"I have been reading "The Sensory Order" by my old friend (RIP) Freddy Hayek in order to catch up on all this nonsense..."

Never heard of him, Mutley.

But then, it is safe to say that I am my own ancestor. I refuse to spend a lifetime studying myriad philosophical “systems” merely to miss out on my own. Similarities in my own “method“, to coin a phrase, are strictly coincidental. So far as I am concerned, there can be only one possible source of knowledge as to the innate properties of our world, namely experiment and observation.

Though I greatly admire Berkeley, Spinoza, Schopenhauer and a dozen lesser lights - in whom quantum physics have come full circle - Sartre and Russell would be a choice between a French mule and an English jackass, and I do claim to grasp the mental processes of either...

D.

(PS.: In answer to your e-mail, Mut; my services cost £ 700 a night plus breakfast!)

Selena Dreamy said...

Understanding how things come apart isn't the same as being able to put them together again in a different way...

Absolutely not!

It is, however, safe to say that, as taught by the quantum indeterminacy principle, the solution always depends on the question asked, and that any selective action of the human mind merely specifies the conditions to which phenomena must conform if they are to be put together again in a different way...

As I stated above, quantum mechanics is simply the study of mental processes of which we are unaware...

Dreamy

Jonathan said...

'I am my own ancestor. I refuse to spend a lifetime studying myriad philosophical “systems” merely to miss out on my own. Similarities in my own “method“, to coin a phrase, are strictly coincidental.'

You speak for me here too, Selena. As for the next bit about experiment and observation, my sympathy is only restrained by the recognition that truth and reality may always be more than I am capable of observing or experimenting upon. One can also observe and treat with respect the observations of others, but without bowing down to their systems. There is also for me, insofar as I am 'religious', a place and space for revelation from higher orders of cosmic consciousness and awareness. But one must be robustly unsupersttious in how one is to integrate and respond to these I think, not allowing one to be put to sleep by mysteriousness (as opposed to enlivened by the mystical -there is a difference). And that which cannot be understood is on a personal level justifiably rejected, of course.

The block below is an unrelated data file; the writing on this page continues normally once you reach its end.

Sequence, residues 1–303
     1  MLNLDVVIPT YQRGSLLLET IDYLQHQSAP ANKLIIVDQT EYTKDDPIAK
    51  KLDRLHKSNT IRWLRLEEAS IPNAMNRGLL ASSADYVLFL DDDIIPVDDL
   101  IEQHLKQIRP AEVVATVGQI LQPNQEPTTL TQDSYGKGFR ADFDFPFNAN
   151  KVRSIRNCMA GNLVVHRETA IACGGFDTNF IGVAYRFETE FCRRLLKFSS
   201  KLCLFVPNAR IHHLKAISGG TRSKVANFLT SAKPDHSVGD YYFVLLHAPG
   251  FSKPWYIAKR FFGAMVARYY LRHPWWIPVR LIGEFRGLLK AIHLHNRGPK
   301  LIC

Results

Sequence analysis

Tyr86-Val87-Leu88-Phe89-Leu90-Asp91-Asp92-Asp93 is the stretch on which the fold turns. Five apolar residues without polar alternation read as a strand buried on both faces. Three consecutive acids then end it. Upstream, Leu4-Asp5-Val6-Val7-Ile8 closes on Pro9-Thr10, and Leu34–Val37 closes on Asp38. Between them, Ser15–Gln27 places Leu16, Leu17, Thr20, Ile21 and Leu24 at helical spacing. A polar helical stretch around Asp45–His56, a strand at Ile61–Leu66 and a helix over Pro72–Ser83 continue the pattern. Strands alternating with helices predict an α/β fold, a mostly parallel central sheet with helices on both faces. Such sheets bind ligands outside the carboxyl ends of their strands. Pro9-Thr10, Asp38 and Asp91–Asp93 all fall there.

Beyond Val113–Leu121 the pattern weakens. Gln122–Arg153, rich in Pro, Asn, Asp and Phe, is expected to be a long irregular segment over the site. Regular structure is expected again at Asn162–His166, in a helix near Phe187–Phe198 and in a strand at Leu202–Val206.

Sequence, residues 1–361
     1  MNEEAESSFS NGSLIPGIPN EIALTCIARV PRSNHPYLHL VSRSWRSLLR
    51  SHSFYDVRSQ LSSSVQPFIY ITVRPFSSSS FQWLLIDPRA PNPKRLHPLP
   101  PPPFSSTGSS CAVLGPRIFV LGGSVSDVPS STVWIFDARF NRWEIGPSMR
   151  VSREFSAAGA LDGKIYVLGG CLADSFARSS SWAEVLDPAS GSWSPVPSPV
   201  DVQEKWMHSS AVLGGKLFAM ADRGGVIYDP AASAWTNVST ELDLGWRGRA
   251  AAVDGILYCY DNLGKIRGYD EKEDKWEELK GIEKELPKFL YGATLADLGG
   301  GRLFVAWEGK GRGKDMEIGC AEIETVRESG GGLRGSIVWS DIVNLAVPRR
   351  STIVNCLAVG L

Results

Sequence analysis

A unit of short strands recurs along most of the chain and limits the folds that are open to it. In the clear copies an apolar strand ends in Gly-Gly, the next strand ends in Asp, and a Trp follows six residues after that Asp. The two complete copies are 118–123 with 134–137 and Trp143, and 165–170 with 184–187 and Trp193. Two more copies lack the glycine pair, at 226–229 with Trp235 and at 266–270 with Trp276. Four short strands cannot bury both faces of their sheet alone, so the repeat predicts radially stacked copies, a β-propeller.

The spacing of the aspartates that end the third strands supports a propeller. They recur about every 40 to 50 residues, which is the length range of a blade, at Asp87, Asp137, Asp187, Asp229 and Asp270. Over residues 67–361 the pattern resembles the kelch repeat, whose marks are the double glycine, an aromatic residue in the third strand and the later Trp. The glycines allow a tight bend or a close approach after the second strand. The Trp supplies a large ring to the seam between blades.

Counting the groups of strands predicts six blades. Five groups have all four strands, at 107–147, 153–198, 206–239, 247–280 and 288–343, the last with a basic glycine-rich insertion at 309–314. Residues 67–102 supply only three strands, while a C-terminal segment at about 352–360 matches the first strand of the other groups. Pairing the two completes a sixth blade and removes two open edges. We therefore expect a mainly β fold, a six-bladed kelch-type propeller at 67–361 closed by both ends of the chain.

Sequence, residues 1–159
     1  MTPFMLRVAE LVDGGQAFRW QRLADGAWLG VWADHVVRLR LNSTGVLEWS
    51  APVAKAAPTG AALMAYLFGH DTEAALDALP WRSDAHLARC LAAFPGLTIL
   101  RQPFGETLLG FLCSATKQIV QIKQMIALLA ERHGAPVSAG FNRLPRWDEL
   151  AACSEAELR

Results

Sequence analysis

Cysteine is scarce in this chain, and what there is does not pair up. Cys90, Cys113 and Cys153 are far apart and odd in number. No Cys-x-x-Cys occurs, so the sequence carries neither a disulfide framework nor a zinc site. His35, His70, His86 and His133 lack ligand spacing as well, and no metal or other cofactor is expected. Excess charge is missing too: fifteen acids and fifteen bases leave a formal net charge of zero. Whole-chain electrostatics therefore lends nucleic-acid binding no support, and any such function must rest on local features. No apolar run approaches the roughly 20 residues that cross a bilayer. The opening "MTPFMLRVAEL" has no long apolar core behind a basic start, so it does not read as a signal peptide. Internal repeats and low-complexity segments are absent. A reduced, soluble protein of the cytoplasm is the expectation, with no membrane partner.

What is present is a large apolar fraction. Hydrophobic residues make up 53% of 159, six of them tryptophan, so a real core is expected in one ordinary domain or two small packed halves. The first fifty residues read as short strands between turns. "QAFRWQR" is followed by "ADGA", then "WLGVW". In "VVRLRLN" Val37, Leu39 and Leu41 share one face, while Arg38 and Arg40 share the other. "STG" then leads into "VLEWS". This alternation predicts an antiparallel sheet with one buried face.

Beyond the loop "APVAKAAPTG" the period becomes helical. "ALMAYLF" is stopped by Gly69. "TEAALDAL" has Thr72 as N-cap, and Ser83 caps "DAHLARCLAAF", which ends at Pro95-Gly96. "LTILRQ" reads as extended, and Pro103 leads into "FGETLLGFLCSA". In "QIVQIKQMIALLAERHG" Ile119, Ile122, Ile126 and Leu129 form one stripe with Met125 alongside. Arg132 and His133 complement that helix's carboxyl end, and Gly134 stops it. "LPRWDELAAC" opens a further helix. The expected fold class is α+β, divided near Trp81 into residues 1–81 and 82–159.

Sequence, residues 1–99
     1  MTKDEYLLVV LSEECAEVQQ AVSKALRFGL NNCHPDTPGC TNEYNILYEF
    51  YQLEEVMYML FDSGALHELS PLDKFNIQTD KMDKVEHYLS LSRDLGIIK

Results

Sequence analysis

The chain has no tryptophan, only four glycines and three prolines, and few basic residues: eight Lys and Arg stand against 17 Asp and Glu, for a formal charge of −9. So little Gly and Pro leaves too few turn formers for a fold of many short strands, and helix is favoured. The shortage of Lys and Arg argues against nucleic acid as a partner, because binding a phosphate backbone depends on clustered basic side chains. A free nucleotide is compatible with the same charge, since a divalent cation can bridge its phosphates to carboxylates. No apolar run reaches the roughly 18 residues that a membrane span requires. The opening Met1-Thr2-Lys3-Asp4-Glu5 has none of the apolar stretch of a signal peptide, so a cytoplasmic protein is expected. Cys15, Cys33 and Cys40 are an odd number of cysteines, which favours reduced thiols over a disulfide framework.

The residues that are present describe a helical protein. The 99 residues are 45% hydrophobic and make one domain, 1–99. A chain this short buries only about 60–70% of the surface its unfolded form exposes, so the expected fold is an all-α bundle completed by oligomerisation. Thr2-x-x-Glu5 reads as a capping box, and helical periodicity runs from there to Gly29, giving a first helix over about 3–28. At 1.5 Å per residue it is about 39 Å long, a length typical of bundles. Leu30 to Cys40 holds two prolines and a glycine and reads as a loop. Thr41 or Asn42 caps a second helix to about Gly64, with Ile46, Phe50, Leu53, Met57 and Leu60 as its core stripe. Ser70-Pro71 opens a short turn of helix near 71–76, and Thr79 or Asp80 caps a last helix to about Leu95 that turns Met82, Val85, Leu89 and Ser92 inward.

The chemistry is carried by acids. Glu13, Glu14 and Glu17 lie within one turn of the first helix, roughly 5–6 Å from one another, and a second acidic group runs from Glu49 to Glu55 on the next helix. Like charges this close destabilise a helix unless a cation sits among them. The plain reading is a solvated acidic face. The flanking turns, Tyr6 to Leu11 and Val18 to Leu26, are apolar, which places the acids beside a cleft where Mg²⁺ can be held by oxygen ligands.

I thought about going to the carnival too. As a non-Londoner it still holds a kind of allure. But I didn't. If I had gone, while you might have recognised me, from my pic, I would not have recognised you. Well, unless you were wearing your trademark shoes...

I hope you enjoyed it anyway.

Selena Dreamy said...

“One can also observe and treat with respect the observations of others, but without bowing down to their systems.”

Wise words, indeed!

Except, of course, to enter on a detailed refutation of, say, Kant’s Critique Of Pure Reason, would take you all but a life-time!

“There is also for me, insofar as I am 'religious', a place and space for revelation from higher orders of cosmic consciousness and awareness.”

Faith is harder to elude than knowledge!


“I would not have recognised you. Well, unless you were wearing your trademark shoes...

...Stilettos are truly a weakness of mine!

Catch u later...

Jonathan said...

'Faith is harder to elude than knowledge!'

Does that mean faith should be eluded,and is best got rid of (how?) or that faith is on a 'higher' plane, and so lives under a different justification?

A problem lies with what we mean by knowledge. Our overly rational, cartesian knowledge sets up false antinomies and dichotomies with other dimensions of expereince and being which should also belong, in an organic union with rationality, to knowledge.

We do not live only in our heads, surprisingly enough (even though Kant lived almost entirely only in Konigsberg).